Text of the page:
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    All banks and their partners, including fintechs, that wish to lend to borrowers in multiple states and charge uniform interest rates should heed regulatory developments across the country and determine how best to mitigate risks in their efforts to offer credit to consumers on a nationwide basis, say attorneys at Ballard Spahr.

  • Perspectives

    More States Should Join Effort To Close Legal Services Gap

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    Colorado is the most recent state to allow other types of legal providers, not just attorneys, to offer specific services in certain circumstances — and more states should rethink the century-old assumptions that shape our current regulatory rules, say Natalie Anne Knowlton and Janet Drobinske at the University of Denver.

  • Opinion

    10th Circ. Remand Of ERISA Claims To Insurer Is Problematic

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    The Tenth Circuit recently gave the defendant another bite at the apple in David P. v. United Healthcare by remanding Employee Retirement Income Security Act claims for reprocessing, but the statute lacks any provision authorizing remands of ERISA cases, says Mark DeBofsky at DeBofsky Law.

  • Identifying Trends And Tips In Litigation Financing Disclosure

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    Growing interest and controversy in litigation financing raise several salient concerns, but exploring recent compelled disclosure trends from courts around the country can help practitioners further their clients' interests, say Sean Callagy and Samuel Sokolsky at Arnold & Porter.

  • Why Employers Should Heed High Court Web Designer Ruling

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    While not an employment law ruling, the U.S. Supreme Court's recent decision in the First Amendment case 303 Creative v. Elenis raises serious questions for employers that constitute public accommodations and have related anti-discrimination policies, says Tanner Camp at Foley & Lardner.

  • Series

    The Pop Culture Docket: Judge Elrod On 'Jury Duty'

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    Though the mockumentary series “Jury Duty” features purposely outrageous characters, it offers a solemn lesson about the simple but brilliant design of the right to trial by jury, with an unwitting protagonist who even John Adams may have welcomed as an impartial foreperson, says Fifth Circuit Judge Jennifer Elrod.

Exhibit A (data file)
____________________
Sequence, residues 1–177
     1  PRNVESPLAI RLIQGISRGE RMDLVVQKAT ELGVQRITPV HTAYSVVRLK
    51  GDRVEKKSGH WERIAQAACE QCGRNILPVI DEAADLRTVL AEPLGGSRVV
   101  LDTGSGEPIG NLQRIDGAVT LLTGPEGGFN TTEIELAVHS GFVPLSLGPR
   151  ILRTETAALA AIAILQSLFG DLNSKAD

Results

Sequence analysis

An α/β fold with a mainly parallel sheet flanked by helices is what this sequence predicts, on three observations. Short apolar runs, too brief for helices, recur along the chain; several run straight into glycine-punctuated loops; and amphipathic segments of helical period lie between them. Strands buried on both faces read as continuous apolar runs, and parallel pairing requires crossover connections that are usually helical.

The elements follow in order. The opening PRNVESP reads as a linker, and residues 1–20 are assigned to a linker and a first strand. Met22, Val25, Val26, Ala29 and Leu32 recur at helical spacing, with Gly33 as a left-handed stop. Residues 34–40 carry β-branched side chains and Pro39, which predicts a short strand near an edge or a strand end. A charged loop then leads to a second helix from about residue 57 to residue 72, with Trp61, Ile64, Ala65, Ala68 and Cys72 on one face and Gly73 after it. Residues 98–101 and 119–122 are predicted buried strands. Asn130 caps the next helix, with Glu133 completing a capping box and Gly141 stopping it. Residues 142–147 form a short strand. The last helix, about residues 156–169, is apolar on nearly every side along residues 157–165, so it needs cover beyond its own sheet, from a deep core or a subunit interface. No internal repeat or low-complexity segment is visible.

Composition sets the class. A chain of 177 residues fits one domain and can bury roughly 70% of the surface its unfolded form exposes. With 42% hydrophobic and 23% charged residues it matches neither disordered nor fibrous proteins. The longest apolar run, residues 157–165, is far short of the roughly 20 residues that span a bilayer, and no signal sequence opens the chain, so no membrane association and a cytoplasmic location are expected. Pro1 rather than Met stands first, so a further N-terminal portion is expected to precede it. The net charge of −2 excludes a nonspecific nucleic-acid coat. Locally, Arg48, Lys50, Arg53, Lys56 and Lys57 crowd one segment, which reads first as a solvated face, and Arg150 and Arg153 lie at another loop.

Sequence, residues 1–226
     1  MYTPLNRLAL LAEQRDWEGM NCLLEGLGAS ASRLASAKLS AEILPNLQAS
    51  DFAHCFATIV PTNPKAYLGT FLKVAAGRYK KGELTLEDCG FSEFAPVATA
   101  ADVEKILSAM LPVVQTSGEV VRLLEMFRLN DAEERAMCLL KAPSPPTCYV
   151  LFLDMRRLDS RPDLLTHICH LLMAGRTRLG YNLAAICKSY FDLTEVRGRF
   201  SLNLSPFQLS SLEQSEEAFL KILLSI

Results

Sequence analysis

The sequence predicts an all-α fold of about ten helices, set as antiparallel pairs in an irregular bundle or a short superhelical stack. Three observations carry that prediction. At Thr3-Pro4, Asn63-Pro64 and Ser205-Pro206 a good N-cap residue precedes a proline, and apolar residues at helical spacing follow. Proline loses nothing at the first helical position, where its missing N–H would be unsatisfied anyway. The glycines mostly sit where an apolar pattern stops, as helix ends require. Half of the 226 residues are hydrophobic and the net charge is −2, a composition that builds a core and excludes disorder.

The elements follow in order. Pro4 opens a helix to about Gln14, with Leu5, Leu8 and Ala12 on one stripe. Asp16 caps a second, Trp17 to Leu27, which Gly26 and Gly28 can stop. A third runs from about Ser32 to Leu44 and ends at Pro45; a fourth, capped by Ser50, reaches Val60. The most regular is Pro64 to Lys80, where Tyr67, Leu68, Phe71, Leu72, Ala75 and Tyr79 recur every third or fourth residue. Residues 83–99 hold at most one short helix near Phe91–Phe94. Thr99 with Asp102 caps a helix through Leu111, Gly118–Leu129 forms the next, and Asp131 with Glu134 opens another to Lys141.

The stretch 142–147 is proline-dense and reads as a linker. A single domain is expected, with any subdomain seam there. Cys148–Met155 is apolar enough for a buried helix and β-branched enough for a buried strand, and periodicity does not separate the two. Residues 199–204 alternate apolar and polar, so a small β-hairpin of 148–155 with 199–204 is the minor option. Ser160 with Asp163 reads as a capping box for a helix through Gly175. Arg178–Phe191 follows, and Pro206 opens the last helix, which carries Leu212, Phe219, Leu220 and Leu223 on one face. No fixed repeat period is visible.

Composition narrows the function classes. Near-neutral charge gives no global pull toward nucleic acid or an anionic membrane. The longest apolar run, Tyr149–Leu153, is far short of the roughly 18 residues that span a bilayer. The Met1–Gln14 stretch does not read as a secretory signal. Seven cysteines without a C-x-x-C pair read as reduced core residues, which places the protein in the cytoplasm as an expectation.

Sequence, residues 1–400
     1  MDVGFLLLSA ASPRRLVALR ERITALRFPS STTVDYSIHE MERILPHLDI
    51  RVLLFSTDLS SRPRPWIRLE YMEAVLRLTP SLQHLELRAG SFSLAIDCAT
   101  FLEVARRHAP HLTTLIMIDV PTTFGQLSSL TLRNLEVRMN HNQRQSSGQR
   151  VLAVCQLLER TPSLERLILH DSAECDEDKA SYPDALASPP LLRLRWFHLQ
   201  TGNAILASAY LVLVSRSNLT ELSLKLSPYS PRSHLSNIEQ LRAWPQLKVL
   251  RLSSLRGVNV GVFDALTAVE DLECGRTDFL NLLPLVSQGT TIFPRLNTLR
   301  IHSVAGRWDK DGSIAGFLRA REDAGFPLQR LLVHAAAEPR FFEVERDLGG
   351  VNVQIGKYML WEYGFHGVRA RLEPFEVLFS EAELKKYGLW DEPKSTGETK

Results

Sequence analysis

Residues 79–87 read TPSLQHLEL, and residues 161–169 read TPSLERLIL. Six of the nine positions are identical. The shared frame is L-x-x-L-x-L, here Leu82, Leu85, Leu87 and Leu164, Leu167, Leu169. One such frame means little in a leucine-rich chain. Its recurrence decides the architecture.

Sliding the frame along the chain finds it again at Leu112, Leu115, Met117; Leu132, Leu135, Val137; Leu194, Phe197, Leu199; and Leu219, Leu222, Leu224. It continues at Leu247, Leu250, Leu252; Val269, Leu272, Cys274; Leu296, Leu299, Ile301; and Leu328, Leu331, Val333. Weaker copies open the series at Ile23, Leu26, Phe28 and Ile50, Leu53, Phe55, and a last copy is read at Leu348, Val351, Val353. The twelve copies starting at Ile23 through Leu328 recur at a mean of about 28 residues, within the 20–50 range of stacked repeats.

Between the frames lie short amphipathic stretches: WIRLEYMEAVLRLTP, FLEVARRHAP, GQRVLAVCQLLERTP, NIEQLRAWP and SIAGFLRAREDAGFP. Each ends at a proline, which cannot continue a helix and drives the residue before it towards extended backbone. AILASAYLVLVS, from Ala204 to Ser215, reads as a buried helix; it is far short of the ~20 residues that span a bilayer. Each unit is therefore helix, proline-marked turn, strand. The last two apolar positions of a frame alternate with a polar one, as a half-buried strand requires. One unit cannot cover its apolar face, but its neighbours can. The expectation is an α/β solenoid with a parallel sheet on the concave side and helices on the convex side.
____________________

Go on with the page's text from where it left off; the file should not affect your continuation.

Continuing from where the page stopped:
• 4 Business-Building Strategies For Introvert Attorneys

    Excerpt from Practical Guidance
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    Introverted lawyers can build client bases to rival their extroverted peers’ by adapting time-tested strategies for business development that can work for any personality — such as claiming a niche, networking for maximum impact, drawing on existing contacts and more, says Ronald Levine at Herrick Feinstein.

  • Barbie Deals Should Remind Brands Of IP Licensing Benefits

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    Mattel Inc.'s recent licensing of the Barbie trademark — one of the biggest licensing campaigns of recent history — illustrates that, as long as risks are managed properly, intellectual property licensing can form part of the overall business strategy and benefit both parties, say Maria Peyman and Anousha Vasantha at Birketts.

  • Opinion

    3 Ways Justices' Disclosure Defenses Miss The Ethical Point

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    The rule-bound interpretation of financial disclosures preferred by U.S. Supreme Court Justices Samuel Alito and Clarence Thomas — demonstrated in their respective statements defending their failure to disclose gifts from billionaires — show that they do not understand the ethical aspects of the public's concern, says Jim Moliterno at the Washington and Lee University School of Law.

  • What Courts' Deference Preference Can Mean For Sentencing

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    The Fifth Circuit’s recent U.S. v. Vargas decision deepens the split among federal appeals courts on the level of deference afforded to commentary in the U.S. sentencing guidelines — an issue that has major real-life ramifications for defendants, and is likely bound for the U.S. Supreme Court, say Jennifer Freel and Michael Murtha at Jackson Walker.

  • Caregiver Flexibility Is Crucial For Atty Engagement, Retention

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    As the battle for top talent continues post-pandemic, many firms are attempting to attract employees with progressive hybrid working environments — and supporting caregivers before, during and after an extended leave is a critically important way to retain top talent, says Manar Morales at The Diversity & Flexibility Alliance.

  • Can Class Actions Guide AI Risk Mitigation Efforts?

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    The speed at which artificial intelligence is developing will likely outpace the legislative response, and two recently filed class actions naming OpenAI as a defendant raise the question of whether existing laws may be used to place some meaningful guardrails on the development of AI, says Thomas Carey at Sunstein.